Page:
Helicopter crash survivor saved by love
Afghanistan Veteran Gary Wilson shares his inspiring story of survival at Anzac service
Afghanistan Veteran Gary Wilson shared his inspiring story of surviving a Black Hawk helicopter crash at an Anzac Service at Kokoda Track Memorial Walkway.
Lance Corporal Wilson gave the keynote address at the service, which was attended by His Excellency General The Honourable David Hurley, AC DSC (Ret’d) Governor of NSW and dignitaries from the US, New Zealand, Turkey, Papua New Guinea and Timor Leste.
Wilson has no memory of the deadly crash near Kandahar in 2010, which left him with multiple broken bones, full thickness burns and a brain injury that’s resulted in permanent speech and movement impairments.
Three Australian commandos and one US soldier were killed. Wilson was not expected to survive and when he eventually woke from a coma, he faced years of intensive rehabilitation, including learning how to walk and talk again.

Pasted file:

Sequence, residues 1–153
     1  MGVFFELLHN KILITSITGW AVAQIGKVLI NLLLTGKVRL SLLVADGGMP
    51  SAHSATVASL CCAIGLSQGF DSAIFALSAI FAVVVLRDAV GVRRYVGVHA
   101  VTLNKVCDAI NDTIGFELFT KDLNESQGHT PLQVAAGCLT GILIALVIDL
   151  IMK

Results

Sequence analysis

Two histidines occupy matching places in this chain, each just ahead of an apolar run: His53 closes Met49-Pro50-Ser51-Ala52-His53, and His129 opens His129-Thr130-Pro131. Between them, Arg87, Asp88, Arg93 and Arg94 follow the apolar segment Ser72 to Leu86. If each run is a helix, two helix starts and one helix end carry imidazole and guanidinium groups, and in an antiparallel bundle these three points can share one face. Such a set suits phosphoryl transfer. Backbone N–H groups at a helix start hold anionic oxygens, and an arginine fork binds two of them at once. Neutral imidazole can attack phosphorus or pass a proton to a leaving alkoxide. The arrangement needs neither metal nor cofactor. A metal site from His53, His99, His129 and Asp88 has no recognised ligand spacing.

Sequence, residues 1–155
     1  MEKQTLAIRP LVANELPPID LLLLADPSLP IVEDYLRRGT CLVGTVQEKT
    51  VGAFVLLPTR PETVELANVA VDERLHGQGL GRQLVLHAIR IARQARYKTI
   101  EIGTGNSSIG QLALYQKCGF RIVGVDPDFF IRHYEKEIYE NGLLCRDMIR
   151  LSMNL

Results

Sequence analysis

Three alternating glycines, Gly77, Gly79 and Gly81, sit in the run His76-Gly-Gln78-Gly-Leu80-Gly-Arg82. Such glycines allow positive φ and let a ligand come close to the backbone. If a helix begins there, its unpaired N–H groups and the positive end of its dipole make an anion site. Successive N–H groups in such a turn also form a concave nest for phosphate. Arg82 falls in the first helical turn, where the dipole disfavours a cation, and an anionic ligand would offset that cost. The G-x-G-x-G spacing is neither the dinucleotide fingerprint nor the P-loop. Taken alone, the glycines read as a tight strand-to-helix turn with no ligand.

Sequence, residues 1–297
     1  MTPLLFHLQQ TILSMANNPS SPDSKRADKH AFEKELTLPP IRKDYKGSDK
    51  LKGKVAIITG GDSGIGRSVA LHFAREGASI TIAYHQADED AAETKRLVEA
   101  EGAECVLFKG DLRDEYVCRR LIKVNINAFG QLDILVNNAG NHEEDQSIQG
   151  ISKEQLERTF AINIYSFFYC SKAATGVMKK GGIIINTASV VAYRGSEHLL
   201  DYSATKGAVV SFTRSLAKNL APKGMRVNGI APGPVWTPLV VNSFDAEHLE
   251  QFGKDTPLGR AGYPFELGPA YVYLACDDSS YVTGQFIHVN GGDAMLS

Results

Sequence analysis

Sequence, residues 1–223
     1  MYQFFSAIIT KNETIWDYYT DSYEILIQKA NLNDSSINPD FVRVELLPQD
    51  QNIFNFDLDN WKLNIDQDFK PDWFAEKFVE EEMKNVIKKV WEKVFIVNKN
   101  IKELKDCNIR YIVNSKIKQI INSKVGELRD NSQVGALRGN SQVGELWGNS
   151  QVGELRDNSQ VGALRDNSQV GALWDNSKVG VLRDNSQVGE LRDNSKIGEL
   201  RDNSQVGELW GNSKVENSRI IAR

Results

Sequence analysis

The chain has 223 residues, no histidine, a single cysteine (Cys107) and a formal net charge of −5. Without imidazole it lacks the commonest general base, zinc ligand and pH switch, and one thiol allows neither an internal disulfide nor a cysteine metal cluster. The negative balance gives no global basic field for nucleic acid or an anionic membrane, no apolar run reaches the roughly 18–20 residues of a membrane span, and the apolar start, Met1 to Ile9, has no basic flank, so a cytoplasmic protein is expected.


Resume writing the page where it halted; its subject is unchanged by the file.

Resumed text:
“I faced the situation I wasn’t supposed to survive but I did. Not unlike those men on the Kokoda Track,” he told the audience.
He credits the love of his wife Renee, his commanding officers and his “Army family” for pulling him through the dark weeks, months and years following the crash.
“I believe it was love; the love of those around me, enabling me to find hope when there was none,” he said.
Wreaths were laid by General Hurley, Hon John Sidoti MP, Minister for Sports, Multiculturalism, Seniors and Veterans and member for Drummoyne, Hon Craig Laundy MP, Member for Reid, Dr Genevieve Wallace, Acting General Manager, Concord General Repatriation Hospital and Professor Bob Lusby, Chair of the National Centre for Veterans’ Healthcare.
Many other dignitaries representing veterans, their families, defence forces, police, corrective services and community groups also participated in the wreath laying ceremony.
On Anzac Day we remember the Australian and New Zealand service men and women who sacrificed their lives in the great tragedy of war. We pay homage not only to the original ANZACs who landed at Gallipoli in April 1915, but to all men and women who have served their country.